He would have taken note of the way the father would leave dinner only to stand at the front door waiting, sometimes for hours, every night, and how he rose early every morning hoping to see his son coming over the hill.

Instead, the heart of the older son never saw the heart of the father. He never really pursued it. The father, by his own words, had given his heart to both sons. He loved them equally and gave them everything. One took advantage of it and one neglected it. One tore the heart of the father out and the other never cared to learn more about the heart of the father, anyway.

The older brother was seeking a material reward and affirmation. But he wasn’t seeking the heart of the father. If he had been, he would have had a broken heart over the loss of his younger brother, because the father’s heart was broken. He would have stood waiting next to his father every night and every morning, praying that God would send his younger brother back safely.

Instead he reveled in his supposed righteousness as the good son. Until he learned about the love of a father the day his younger brother came home.

It is easier for me to be the older son. I want to follow the rules, go to Mass on Sunday, do nice things for God, perform acts of service. But it isn’t because I want to know the heart of the Father – too often I am trying to earn something.

After all of my work, I feel I deserve something.

Yeah, of course our reward is heaven but we also deserve something more tangible than that.

I deserve money.

I deserve prestige.

I deserve a comfortable life.

I expect a lot but I am quick to forget, like the older son, that I already have access to all that I could ever really need. I am in the father’s house. His words to the older son are also his words to me, “All that is mine is yours” (Luke 15:31). God the Father gives everything to us, and often we only need to ask (Matthew 7:7). But I don’t. I want to fulfill the motions but never know the Father’s heart. Because there is safety in just going through the motions but not entering into a relationship.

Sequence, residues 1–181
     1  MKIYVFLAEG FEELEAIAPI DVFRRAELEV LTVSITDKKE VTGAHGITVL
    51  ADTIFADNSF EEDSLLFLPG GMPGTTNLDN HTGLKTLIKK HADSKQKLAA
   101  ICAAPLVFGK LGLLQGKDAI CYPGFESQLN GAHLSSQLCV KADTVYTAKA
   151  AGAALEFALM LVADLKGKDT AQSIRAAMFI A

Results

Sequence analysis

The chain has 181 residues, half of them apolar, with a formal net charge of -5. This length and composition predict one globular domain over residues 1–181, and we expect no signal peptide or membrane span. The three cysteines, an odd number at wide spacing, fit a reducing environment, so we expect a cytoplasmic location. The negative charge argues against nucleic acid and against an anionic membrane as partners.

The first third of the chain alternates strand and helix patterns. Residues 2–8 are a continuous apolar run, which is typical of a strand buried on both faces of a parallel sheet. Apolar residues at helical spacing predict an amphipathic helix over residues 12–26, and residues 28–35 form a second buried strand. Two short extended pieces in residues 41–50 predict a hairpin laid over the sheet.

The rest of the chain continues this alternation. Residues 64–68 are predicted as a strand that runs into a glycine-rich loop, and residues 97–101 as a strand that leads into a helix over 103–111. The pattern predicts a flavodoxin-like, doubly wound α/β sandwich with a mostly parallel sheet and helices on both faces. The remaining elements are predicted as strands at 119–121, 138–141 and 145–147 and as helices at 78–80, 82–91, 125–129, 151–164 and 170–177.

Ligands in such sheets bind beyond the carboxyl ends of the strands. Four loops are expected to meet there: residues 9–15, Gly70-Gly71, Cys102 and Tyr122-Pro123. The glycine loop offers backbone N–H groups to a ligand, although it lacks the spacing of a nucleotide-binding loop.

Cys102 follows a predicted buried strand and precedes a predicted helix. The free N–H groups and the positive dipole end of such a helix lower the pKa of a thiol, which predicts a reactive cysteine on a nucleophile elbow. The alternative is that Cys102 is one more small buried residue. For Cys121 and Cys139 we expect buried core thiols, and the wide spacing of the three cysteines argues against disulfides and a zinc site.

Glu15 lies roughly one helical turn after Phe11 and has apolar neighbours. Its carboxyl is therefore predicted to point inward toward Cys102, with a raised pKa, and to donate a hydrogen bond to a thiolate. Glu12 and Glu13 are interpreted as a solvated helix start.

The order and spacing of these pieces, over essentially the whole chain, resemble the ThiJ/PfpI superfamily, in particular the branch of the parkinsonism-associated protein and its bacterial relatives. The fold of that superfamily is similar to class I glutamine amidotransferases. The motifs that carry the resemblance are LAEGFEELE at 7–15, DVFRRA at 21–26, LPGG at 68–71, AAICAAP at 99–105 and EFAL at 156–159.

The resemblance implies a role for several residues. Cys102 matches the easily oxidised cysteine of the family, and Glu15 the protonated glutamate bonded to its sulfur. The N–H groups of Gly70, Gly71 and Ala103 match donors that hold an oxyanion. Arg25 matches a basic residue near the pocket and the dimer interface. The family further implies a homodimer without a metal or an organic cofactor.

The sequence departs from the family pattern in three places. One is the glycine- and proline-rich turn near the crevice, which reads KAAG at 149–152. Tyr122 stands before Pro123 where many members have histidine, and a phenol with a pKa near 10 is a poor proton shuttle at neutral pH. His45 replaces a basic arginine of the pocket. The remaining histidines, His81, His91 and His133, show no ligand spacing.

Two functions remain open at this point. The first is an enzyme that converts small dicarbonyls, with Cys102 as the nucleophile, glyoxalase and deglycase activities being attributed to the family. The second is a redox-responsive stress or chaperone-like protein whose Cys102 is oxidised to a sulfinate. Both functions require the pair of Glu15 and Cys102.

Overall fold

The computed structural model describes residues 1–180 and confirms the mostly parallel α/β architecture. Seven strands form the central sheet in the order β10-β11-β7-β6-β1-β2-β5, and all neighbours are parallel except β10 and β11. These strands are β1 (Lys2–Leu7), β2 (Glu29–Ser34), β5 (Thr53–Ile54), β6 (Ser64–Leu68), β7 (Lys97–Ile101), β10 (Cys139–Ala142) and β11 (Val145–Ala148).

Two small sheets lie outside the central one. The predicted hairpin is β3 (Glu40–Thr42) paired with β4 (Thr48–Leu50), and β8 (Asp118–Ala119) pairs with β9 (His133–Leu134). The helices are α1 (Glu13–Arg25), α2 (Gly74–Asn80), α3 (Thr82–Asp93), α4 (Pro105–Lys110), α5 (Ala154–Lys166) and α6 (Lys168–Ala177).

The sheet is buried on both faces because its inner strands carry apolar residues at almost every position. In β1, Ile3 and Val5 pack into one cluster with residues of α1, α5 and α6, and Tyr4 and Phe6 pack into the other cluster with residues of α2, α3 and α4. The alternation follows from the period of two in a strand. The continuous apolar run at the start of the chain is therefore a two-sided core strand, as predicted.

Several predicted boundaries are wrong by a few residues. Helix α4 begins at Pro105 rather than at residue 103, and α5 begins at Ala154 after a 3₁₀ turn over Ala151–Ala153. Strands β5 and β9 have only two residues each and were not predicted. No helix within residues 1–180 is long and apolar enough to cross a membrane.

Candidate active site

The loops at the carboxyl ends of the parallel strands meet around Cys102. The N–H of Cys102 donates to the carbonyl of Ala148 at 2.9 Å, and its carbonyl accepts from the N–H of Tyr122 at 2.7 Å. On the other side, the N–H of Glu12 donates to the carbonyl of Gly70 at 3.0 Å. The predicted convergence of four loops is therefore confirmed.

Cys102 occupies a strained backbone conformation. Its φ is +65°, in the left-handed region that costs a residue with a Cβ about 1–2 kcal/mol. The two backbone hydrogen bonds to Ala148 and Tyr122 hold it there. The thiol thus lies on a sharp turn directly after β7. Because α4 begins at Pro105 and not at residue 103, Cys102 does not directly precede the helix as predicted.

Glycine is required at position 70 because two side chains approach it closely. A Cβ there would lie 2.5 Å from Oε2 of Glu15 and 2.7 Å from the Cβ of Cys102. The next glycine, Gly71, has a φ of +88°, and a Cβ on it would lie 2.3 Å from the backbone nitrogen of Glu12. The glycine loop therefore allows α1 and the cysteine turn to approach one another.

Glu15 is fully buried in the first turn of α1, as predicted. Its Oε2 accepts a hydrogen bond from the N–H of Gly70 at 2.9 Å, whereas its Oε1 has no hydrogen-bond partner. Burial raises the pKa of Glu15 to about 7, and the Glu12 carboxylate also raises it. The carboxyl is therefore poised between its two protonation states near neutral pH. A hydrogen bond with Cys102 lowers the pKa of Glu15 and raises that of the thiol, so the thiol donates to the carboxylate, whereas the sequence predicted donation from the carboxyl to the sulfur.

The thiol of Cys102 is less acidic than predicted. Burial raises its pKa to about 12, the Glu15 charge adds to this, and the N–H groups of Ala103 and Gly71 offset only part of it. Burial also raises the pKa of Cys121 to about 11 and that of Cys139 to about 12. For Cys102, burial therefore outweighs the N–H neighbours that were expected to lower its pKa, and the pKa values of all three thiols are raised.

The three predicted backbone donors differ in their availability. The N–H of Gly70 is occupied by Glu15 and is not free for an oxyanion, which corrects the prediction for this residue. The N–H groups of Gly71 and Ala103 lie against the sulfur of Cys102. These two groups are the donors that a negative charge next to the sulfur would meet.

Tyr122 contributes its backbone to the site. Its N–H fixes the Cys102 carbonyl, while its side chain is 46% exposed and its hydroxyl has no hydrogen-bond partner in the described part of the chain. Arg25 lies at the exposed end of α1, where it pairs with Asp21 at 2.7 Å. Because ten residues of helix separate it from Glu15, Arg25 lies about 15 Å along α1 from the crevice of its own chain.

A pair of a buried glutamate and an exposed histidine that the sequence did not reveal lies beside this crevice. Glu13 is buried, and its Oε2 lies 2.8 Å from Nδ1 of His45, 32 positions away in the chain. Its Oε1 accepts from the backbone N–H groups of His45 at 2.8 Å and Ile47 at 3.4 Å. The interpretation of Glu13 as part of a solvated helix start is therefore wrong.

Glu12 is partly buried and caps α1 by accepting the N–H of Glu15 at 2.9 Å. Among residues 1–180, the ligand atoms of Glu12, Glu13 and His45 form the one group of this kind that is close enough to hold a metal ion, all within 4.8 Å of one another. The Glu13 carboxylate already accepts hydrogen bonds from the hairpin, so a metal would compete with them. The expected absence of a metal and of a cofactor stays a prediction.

If I enter into relationship with the Father, then my heart would be transformed. My heart would become merciful like God the Father’s heart. I would suddenly begin to see people and desire their good, just like God. I would see those far off and hurting and react the way that God the Father does – with compassion. There is something dangerous there because knowing the Father’s heart means an end to my complacency. I would start to hurt with the father. I would stop talking about what I deserve or what someone else does not deserve. I would simply rejoice in God’s mercy and desire to share it. It means less of me. That is terrifying, but also liberating.

Because in the end, I don’t deserve God’s mercy. Neither do you. Yet, there it is – waiting.

To know the heart of God is to show God’s mercy, just as it has been shown to us (Matthew 5:7). The story of the Two Brothers ends with the older brother outside of the house, now he is the one that is lost. Just like you and I, he has a choice to make. Does he let go of pride and anger; does he stop trying to decide who deserves God’s love and who doesn’t, or does he embrace mercy? Do we embrace the heart of God, a relentless heart that desires all be saved, and become merciful ourselves? Our answer will determine if we step into the great feast, or remain lost outside in the cold.